The lawsuit was filed in November of 2003.
According to the suit, a pupil evaluation team (PET) met with the child’s mother and suggested a residential treatment program at KidsPeace in Ellsworth for the child who was identified as having multiple disabilities, including learning and emotional disabilities.
The child’s mother apparently rejected the program suggested by the PET and entered into an agreement with an out-of-state consultant and enrolled the child at an adventure school in North Carolina followed by enrolling the child at a boarding school in Utah. According to the lawsuit, neither facility is licensed for special education students under state or federal laws.
The mother asked that the school department pay for the child’s enrollment at both schools and that she be reimbursed for the consultant that she hired.
The DOE hearing officer ordered the school department to reimburse the mother for payments to the consultant and for costs related to the student’s attendance at the North Carolina adventure school. Additionally, the hearing officer also ordered that the school reimburse the Utah boarding school an amount equal to what the department would have spent if the child had attended the Ellsworth KidsPeace program.
The school committee, through its attorney, has asked the court to find that it offered an appropriate educational program for the child. The suit also request that the Department of Education ruling ordering reimbursement of the mother be vacated and find that the department and its (hearing) officer violated federal laws by ordering the payment.
If the hearing officer’s decision is upheld, Lamoine property taxpayers could be on the hook for as much as $78,000. So far, no payment have been made by the town. A decision from the federal court is expected sometime this summer.
WORKING ON SPECIAL ED
The State Board of Education is working to sharpen Maine’s focus on its special education program, learn why Maine has a higher special ed identification rate than the U.S. average, and begin managing more aggressively Maine’s special education costs.
With respect to the high identification rate and the sharply different identification rates from school to school, one strategy is to improve the clarity of the standards of eligibility that govern the identification of a student who should receive special ed services.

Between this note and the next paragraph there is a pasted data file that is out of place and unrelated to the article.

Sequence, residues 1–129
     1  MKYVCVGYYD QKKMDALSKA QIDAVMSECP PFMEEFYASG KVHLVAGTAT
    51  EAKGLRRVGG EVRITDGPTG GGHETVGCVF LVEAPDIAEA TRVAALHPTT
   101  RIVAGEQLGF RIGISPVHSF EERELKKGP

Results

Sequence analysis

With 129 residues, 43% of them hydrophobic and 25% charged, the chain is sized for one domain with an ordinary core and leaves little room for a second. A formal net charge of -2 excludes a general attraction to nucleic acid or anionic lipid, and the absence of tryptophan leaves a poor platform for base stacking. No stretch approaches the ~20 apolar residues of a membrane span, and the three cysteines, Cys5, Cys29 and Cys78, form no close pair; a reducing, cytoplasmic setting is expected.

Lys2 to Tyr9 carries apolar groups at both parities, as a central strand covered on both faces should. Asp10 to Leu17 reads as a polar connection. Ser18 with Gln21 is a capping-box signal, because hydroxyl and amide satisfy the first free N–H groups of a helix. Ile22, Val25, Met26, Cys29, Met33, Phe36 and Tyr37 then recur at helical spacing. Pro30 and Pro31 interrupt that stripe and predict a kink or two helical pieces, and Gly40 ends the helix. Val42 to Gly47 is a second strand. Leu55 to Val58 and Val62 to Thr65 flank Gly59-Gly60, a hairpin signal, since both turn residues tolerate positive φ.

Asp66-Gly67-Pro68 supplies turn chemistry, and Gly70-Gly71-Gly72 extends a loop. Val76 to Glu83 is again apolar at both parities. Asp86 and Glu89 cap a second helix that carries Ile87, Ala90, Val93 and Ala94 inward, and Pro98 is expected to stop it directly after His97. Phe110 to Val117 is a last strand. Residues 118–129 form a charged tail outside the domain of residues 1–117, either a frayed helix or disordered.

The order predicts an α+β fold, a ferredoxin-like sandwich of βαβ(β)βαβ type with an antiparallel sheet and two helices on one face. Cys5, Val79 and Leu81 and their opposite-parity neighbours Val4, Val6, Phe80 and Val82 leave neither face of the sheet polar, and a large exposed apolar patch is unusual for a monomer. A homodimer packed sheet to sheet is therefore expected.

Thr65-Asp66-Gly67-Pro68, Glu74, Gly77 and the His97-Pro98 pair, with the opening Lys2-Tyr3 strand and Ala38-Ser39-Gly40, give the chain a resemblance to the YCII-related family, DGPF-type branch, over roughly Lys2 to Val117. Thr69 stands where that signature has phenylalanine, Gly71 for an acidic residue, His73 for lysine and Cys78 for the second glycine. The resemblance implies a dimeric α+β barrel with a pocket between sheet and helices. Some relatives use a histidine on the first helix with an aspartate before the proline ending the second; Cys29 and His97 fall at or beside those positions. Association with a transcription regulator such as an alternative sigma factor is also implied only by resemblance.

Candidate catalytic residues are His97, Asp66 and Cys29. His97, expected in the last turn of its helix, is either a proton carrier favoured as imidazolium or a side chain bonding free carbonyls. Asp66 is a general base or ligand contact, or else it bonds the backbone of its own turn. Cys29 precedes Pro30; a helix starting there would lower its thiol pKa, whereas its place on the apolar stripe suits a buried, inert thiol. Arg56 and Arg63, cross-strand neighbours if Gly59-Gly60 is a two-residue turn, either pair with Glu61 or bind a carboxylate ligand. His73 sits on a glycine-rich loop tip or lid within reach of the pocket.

To that end, a working group has been formed by the Department of Education to review the 13 federally-defined categories of disability and see if some guidelines can be established underneath those definitions to assist parents, school practitioners and the Pupil Evaluation Terms in understanding more precisely the circumstances that trigger the special education entitlement.
With respect to the goal of more aggressively managing special education costs, all eyes are focused on the efforts of the State Board of Education and the Department of Education to move special education into the new Essential Programs and Services (EPS) school funding model.
Currently, all approved special ed expenditures are rolled into a category of any school’s expenditure budget called “program costs” (special education, transportation, vocational education and early childhood education), and the local responsibility to pay those program costs is capped at a specified mill rate effort of about 1.4 mills. Expenditures over that level of financial effort are ultimately reimbursed by the state.
With the emergence of the EPS school funding model, the state is poised to repeal that actual cost/“circuit breaker” funding model and replace it with a formula that assumes each school has a certain percentage of special education students and that the average special education student costs X dollars to educate. Once that formula is designed and moved into the EPS model, the overall EPS “allocation” for each school system in Maine will presumptively take into account that school’s special education expenditures. The schools and municipalities are obviously very anxious about the design of that model because it could easily fail to recognize actual, federally-mandated special education expenditures similar to the cases in Richmond and Lemoine described in this article.
To that end, there has been some discussion about a direct state reimbursement for a much larger percentage share of the very high cost special ed cases. Designed along the lines of a catastrophic insurance plan, the state would directly participate at an 80% level or higher for the special education enrollments, defined in a certain way, that can blow huge holes in a school budget. The thinking is that the EPS modeling will be easier to design if the highest-cost enrollments are pulled out of the mix. Much of this design is still at the discussion stage. (AUTHOR'S NOTE: Geoff Herman, MMA's Director of State & Federal Relations contributed to this article).